Analysis of the REACH study provides new strategy to predict patients most likely to benefit from liver cancer treatment

California Pacific CURRENTS: The online journal of CPMC Research Institute

January 19, 2016

Few options are available to treat patients with advanced hepatocellular carcinoma (HCC)—a severe type of liver cancer. Investigators at California Pacific Medical Center (CPMC)’s Liver Cancer Program are developing new treatment approaches that will advance patient care.

In 2015, Ari Baron, MD, Medical Director of the Clinical Oncology Research Program at CPMC, Chief of the Division of Hematology-Oncology and CPMC Research Institute investigator co-authored the REACH phase 3 study, which studied the efficacy and safety of the monoclonal antibody ramucirumab for the treatment of HCC.

In the multicenter, randomized, placebo-controlled, double-blind trial, 565 patients who had received prior therapy with sorafenib (the only FDA-approved treatment for liver cancer) were given ramucirumab or placebo every two weeks from November 2010 to April 2013. The primary endpoint was overall survival (OS); secondary endpoints included progression-free survival, time to progression, and safety.

Results suggested that ramucirumab had anti-tumor activity in some patients with advanced disease, but that a method to pre-select patients most likely to derive a survival benefit was required.

An analysis of the REACH trial results by Child-Pugh Score was published in September, 2016 in JAMA Oncology.   

In the study, Dr. Baron and colleagues at Massachusetts General Hospital Cancer Center and Harvard Medical School explored outcomes of ramucirumab in the context of the severity of underlying liver disease (i.e., Child-Pugh score).

Overall, 643 patients were randomized and included in the REACH analysis: 565 patients were considered Child-Pugh class A (Child-Pugh scores 5 and 6) and 78 patients were considered class B (Child-Pugh scores 7 and 8). The primary outcome of the study was OS, defined as time from randomization to death from any cause.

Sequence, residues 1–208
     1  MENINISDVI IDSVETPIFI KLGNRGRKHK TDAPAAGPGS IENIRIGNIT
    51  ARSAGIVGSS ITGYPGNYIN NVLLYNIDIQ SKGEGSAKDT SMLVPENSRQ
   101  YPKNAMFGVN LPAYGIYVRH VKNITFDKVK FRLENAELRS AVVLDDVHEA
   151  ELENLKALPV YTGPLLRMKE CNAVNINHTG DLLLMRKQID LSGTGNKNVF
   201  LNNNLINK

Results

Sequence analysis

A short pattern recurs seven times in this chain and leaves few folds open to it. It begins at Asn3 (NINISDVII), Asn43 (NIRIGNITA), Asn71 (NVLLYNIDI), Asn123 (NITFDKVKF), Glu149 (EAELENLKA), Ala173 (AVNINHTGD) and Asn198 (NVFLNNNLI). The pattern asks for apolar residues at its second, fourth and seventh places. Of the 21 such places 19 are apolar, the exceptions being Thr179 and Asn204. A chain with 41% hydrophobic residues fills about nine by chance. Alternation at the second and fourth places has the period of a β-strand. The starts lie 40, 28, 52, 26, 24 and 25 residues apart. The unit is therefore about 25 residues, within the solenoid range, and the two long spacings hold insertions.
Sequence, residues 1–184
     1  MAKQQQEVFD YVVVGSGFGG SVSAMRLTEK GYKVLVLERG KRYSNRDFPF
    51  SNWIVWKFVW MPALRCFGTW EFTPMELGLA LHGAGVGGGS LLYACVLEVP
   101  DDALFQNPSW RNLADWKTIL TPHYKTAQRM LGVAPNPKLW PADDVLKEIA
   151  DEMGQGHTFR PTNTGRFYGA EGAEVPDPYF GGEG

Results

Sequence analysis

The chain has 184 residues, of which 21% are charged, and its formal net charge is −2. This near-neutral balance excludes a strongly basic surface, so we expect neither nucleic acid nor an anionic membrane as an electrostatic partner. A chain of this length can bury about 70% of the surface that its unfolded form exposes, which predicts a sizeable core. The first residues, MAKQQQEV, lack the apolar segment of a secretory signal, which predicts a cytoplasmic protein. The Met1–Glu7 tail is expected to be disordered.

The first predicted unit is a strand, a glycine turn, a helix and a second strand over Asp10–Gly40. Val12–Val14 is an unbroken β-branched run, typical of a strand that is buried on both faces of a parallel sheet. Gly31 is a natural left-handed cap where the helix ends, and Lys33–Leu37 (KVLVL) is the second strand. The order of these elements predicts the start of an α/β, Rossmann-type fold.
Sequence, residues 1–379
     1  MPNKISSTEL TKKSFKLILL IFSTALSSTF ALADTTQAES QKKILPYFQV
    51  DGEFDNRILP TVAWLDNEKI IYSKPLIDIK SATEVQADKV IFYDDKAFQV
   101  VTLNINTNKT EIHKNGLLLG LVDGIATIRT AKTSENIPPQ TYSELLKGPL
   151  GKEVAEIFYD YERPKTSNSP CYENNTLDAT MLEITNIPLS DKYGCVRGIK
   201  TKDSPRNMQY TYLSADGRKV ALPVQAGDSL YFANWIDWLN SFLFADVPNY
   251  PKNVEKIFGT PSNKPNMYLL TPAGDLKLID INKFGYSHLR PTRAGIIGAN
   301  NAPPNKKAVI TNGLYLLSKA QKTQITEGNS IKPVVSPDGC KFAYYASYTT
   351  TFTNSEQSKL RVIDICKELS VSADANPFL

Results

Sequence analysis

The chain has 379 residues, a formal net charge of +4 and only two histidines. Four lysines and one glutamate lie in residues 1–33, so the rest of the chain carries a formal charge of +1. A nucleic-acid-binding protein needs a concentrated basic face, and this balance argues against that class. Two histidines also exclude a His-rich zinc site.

Results showed that in patients with healthier livers (a score of 5), there was a strong trend in support of the drug for all patients (p= 0.06).  In patients with elevated levels of alpha-fetoprotein (AFP)—a commonly used blood test to assess the disease—there was survival benefit for all patients with a Child-Pugh score of 5 or 6.

“Ramucirumab is a vascular endothelial growth factor (VEGF) receptor blocker, meaning it inhibits the proteins that promote blood vessel growth in tumors. As a second-line treatment for liver cancer, the drug showed a strong trend for survival for all patients with better underlying liver function, and a clear survival advantage for the same patients with an elevated AFP marker,” said Dr. Baron.

“Our analysis further refines the outcome in the context of underlying liver disease.”

The study was supported by Eli Lilly and Company.

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